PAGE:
Renters having their COVID-19 safety nets removed, face uncertain future
In the riveting documentary “Man on Wire,” the daring and dangerous act of Philippe Petit crossing a tight rope between the top of the World Trade Center towers in New York City in 1974 is chronicled. The death-defying stunt took six years of planning and was done, of course, without a net.
American renters, financially impacted by the COVID-19 pandemic, are about to feel the same intense anxiety as Petit.
Despite being out of work – whether they were laid off or furloughed, or had their hours greatly reduced because of the coronavirus – many renters have been able to survive financially because of actions taken by the federal government.
Getting an extra $600 a week in unemployment benefits or having Uncle Sam send a $1,200 stimulus check in the spring, as well as a moratorium on evictions has helped stem the tide.
But the extra $600 in unemployment stops at the end of July. Evictions can start again in August. And although a second federal relief package has been discussed, Congress and the White House do not have an agreement in place as of the time of this writing.
Couple that with a spike in virus cases across a large swath of the country and the future of jobs and the economy remain wildly uncertain.
Homeowners have more protections and supports in place to help get through this trying time, but renters have a far more stressful and unchartered future ahead.
Prior to the pandemic, renters in some parts of the country were already feeling the squeeze financially. Vacancy rates were low. Rents were high. Income levels weren’t keeping up.
The Harvard Joint Center for Housing Studies told the Associated Press that approximately 25 percent of all renters nationwide spent more than half of their income on housing.
Then came the pandemic.
The Associated Press added that according to U.S. Census data, 19 percent of renters were either late with their May payment or deferred it to a later time. Meanwhile, that same data indicated that 31 percent of renters who were surveyed in June had little-to-no confidence that they would be able to pay their July rent.
Protections were put in place during the early stages of the pandemic to help renters, but there’s no evidence yet that they will be re-implemented if a second wave of virus spread forces parts of the country to shut down the economy a second time. The National Association of REALTORS® sent a letter to congressional leaders in mid-July asking for a continued focus on housing security issues for Americans as part of any future pandemic relief packages, but nothing tangible in terms of proposed legislation existed as of the time of this writing.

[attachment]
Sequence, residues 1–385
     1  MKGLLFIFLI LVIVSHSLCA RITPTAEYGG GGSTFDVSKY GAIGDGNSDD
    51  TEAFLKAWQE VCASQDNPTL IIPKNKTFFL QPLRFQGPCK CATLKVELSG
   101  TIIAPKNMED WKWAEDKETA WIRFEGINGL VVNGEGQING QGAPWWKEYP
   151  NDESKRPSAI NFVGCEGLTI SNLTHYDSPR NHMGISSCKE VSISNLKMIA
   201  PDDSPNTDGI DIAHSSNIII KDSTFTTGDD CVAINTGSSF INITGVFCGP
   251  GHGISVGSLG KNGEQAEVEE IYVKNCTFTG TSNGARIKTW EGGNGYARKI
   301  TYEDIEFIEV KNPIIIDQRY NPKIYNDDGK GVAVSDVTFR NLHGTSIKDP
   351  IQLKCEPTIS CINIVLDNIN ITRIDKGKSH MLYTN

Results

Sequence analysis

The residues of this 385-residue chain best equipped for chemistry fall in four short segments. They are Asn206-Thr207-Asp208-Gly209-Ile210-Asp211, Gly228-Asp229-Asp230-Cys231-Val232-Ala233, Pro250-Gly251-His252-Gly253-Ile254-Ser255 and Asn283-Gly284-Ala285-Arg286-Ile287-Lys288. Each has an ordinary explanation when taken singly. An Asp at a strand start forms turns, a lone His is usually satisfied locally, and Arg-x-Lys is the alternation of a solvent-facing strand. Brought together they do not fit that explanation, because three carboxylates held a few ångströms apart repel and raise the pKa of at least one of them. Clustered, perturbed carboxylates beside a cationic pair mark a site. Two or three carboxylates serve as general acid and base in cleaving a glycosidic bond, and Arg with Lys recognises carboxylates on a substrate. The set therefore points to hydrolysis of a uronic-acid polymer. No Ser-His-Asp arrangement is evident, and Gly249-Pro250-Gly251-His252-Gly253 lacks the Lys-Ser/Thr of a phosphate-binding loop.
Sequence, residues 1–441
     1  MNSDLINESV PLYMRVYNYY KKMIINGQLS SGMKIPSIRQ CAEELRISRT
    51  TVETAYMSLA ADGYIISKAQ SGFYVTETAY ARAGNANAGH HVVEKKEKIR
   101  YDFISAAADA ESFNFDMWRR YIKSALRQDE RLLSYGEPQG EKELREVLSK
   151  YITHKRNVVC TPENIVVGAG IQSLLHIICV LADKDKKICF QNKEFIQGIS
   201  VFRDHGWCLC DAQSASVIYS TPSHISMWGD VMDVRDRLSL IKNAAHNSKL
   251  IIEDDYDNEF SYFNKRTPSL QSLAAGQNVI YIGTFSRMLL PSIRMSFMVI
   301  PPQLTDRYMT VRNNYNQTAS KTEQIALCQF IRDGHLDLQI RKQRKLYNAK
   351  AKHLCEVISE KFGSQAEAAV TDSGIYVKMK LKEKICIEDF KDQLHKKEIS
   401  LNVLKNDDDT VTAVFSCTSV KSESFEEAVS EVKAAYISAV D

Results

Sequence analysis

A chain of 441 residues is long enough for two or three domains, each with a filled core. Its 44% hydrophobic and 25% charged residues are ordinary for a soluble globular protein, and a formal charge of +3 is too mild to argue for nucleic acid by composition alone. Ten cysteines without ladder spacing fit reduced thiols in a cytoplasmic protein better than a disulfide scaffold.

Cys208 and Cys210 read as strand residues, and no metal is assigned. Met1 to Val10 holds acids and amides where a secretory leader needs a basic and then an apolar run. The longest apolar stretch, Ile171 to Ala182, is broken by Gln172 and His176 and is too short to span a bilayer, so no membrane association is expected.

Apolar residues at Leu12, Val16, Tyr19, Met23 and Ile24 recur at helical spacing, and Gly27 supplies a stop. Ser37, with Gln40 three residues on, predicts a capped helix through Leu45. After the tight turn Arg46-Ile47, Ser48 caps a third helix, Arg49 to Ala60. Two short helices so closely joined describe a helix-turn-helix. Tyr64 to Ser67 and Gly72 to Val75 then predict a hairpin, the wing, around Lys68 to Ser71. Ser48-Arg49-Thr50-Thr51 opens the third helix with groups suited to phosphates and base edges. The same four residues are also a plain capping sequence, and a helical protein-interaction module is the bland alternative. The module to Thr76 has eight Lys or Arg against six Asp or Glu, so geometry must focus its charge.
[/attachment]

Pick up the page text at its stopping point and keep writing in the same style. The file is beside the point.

When compared to homeowners, renters tend to be more vulnerable to sharp shifts in the country’s economy. They often have lower incomes and don’t usually have a line of credit to help them out. Meanwhile, homeowners can tap into their home’s equity in case of emergency.
Put all these factors together and it is estimated by the COVID-19 Eviction Defense Project that between 19 and 23 million people will be at risk for eviction by the end of September.
However some experts will tell you that projection, and others like it, are misleading.
If you are worried that you might end up unable to pay your rent, there are paths that you can take to ensure you continue to have a roof over your head come the fall.
- Reach out to your landlord – This should be the first step to see if there can be some sort of arrangement made to either offer a temporary discount or to defer payments of your rent.
- Federally subsidized housing – If your income has changed and you live in a federally subsidized unit, you may qualify for a rent reduction program. Contact your local housing authority.
- Check on other coronavirus relief programs – You may be able to free up some cash by filing for unemployment if you haven’t already. Also, check with your bank and/or credit card company to see if they offer any restricted payment plans for those impacted by COVID-19.
- Visit the National Low Income Housing Coalition’s web site. – There’s a list of rental assistance programs there.
- Visit org – A product of the United Way, this site provides links to charitable assistance for housing, food and other important needs.
- Checkout the Eviction Lab – This site had a constantly updated list of actions that can be taken to stop evictions.
- The Consumer Financial Protection Bureau also maintains a helpful chunk of information for renters on its website.
Whatever you do, you are not alone and there are groups that can and are willing to help you. You can get a certified housing counselor through the Department of Housing and Urban Development. You can find assistance from local and national organizations through Just Shelter, and the Stanford Legal Design Lab and Pew Charitable Trusts has a website to answer tenant questions about their legal rights.